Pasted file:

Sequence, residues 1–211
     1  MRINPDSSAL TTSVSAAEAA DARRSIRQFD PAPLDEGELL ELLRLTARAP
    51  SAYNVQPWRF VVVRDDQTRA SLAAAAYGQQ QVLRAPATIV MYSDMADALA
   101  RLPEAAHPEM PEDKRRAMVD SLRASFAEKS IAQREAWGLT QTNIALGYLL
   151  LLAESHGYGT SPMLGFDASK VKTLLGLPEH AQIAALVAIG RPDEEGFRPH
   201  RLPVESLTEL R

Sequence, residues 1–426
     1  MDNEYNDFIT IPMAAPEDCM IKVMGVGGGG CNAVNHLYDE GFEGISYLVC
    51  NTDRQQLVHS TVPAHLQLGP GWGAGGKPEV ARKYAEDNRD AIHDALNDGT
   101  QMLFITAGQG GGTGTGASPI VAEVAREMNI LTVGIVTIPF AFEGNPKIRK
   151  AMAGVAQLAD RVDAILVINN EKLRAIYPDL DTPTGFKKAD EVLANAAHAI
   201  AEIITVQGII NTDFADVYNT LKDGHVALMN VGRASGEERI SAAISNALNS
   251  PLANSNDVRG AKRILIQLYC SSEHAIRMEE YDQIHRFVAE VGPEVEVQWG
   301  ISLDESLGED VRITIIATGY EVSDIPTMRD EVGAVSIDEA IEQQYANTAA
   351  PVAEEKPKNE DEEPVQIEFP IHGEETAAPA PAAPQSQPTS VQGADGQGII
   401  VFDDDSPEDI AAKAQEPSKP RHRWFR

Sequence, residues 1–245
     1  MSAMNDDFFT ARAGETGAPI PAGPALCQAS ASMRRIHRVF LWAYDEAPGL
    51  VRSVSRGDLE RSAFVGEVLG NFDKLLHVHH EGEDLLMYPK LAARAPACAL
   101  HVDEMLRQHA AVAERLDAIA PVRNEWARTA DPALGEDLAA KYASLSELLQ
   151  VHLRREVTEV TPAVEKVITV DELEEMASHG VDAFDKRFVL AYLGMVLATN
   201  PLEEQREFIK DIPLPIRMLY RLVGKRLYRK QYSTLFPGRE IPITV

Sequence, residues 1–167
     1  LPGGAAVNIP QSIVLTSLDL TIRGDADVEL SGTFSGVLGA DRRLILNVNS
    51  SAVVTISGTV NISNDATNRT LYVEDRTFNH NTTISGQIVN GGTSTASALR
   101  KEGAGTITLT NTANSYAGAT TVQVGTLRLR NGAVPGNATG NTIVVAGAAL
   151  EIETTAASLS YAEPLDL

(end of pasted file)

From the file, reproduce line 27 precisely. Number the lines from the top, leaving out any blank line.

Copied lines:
   151  EIETTAASLS YAEPLDL